February 8, 2023

A commentary by Mayo Clinic Nephrologist Rajiv Kumar, M.D., in the current issue of the journal Kidney International suggests that Vitamin D may improve the treatment of renal disease. Dr. Kumar says that while larger clinical trials are needed, he believes doctors should start treating patients with diabetes who have low serum levels of 25-hydroxyvitamin (the active form of vitamin D) with vitamin D3 to help slow down the progression of kidney damage. Dr. Kumar cautions that more research is needed and that patients should always consult their doctors before consuming vitamin D supplements on their own.

Investigators from from britain looked at the efficacy of vitamin d3 which is the naturally produced vitamin on preventing protein excretion in patients who have diabetes and kidney disease so many of these patients were at a point where their kidneys had begun to fail but had not failed to the same to the extent that they required dialysis so these were people

With kidney disease as a result of diabetes prior to the initiation of dialysis and in this study the investigators gave vitamin d3 in doses sufficient to increase the levels to a particular concentration and showed that the people who got vitamin d3 had less protein in the urine and they had less of a amounts of a particular substance known as transforming growth

Factor beta that is responsible for fibrosis or the development of fibrosis in the kidney it was a small study and it’s not entirely certain that this can be extrapolated to large groups of patients but it does suggest that among non-smoking diabetics there is a beneficial effect of giving vitamin d3 in in preventing the progression of kidney disease or certainly

In preventing an increase in protein excretion and the formation of this substance that causes fibrosis or scarring in the kidney now i would hasten to add that the study is very small they got different results in smokers versus non-smokers which is not easily and the definitive tests for looking at progression of kidney function were not done so i think but but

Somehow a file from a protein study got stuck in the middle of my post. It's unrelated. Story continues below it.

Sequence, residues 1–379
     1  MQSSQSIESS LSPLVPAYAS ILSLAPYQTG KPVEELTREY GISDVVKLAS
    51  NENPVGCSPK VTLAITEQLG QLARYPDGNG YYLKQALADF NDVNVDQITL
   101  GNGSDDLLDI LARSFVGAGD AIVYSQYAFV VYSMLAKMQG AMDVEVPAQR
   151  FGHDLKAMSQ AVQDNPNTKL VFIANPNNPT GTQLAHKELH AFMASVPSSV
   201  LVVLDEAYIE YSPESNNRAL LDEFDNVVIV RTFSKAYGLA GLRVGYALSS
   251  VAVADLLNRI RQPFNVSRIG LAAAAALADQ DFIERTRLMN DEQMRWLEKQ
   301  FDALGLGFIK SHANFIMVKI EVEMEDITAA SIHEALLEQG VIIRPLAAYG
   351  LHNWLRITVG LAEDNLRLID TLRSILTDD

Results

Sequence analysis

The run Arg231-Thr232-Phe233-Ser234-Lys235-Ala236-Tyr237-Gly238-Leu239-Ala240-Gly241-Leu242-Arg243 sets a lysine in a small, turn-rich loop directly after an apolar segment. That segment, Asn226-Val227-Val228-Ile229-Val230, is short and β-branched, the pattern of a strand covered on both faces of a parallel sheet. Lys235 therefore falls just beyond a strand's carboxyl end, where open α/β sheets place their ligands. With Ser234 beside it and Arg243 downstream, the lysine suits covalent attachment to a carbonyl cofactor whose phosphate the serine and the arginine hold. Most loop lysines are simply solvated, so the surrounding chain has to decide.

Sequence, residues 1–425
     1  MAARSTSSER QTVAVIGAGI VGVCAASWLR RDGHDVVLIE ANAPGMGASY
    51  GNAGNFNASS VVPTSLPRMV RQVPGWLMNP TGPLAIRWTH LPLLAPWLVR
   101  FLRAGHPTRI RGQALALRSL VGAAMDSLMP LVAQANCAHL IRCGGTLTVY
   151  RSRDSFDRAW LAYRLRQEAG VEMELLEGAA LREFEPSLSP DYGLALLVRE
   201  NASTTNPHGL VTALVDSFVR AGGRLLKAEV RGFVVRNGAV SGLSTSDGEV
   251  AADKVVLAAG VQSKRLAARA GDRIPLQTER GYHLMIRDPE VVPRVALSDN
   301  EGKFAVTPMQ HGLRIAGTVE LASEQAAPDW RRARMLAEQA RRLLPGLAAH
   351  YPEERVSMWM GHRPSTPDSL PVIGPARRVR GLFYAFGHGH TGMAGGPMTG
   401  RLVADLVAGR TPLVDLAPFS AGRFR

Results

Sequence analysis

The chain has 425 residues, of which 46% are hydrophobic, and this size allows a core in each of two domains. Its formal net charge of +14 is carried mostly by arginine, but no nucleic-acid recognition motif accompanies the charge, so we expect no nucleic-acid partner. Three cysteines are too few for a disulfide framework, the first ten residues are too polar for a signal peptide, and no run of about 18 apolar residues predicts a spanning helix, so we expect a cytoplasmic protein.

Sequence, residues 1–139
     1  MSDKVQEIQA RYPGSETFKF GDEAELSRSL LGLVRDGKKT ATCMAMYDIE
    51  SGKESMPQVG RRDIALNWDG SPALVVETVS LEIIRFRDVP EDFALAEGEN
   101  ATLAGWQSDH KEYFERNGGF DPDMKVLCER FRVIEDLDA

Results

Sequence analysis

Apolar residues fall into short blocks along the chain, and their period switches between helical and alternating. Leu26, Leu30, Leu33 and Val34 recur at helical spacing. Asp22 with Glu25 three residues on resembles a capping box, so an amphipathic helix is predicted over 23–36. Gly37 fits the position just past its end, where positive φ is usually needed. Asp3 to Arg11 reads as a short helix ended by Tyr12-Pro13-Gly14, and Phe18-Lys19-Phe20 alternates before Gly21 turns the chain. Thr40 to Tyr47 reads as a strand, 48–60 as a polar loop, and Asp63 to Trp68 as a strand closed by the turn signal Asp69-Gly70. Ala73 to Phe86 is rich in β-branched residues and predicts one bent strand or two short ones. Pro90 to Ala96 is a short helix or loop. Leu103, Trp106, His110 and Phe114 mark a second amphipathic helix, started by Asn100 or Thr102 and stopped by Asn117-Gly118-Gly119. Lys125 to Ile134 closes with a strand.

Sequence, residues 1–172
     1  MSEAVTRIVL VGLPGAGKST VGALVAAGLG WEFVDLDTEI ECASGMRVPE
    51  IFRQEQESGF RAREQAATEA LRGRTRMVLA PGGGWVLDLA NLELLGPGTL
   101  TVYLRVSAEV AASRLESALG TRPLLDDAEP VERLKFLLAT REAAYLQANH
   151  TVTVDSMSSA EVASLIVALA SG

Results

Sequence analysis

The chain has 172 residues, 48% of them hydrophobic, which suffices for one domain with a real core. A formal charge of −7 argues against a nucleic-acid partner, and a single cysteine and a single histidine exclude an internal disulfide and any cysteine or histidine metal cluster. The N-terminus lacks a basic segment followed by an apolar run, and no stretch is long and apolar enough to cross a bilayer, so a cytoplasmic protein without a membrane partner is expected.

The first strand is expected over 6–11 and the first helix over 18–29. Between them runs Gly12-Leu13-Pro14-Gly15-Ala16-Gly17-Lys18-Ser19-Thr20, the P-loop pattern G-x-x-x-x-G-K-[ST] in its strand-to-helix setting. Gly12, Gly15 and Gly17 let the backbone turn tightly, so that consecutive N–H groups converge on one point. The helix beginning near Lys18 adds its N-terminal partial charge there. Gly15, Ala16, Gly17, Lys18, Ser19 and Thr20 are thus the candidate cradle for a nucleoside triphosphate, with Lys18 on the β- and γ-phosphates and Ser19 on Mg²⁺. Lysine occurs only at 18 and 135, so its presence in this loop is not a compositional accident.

Certainly the data is very suggestive of there being a beneficial effect of vitamin d3 administration in patients who have diabetes low vitamin d levels to begin with and who have kidney dysfunction at the same time now i think that when vitamin d3 is given in the amounts that were given in this study the the toxicity or some of the side effects of vitamin d are

Very the incidence of those side effects is very low so we would be safe to give amounts in the amount that was given in the study without causing any side effects clearly larger trials are needed to confirm these studies with more definitive endpoints but i think it’s a step in the right direction showing that the administration of vitamin d3 may be helpful in a

Subset of patients who have chronic kidney failure in this case due to diabetes i would caution it against doing that i think that if someone has diabetes and chronic kidney disease they should see their doctor who could then measure the levels of a vitamin d metabolite in the blood called 25 hydroxy vitamin d if the levels of that particular substance were on the

Low side then under those circumstances under supervision administering vitamin d3 would be of help because it would prevent more protein from appearing in the urine and potentially more damage from occurring the problems with giving indiscriminate vitamin d in doses that can cause calcium and phosphorous to rise is that that elevation in calcium and phosphorus

Can further damage the kidney and so this has to be done under supervision

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Vitamin D and Renal Disease – Mayo Clinic By Mayo Clinic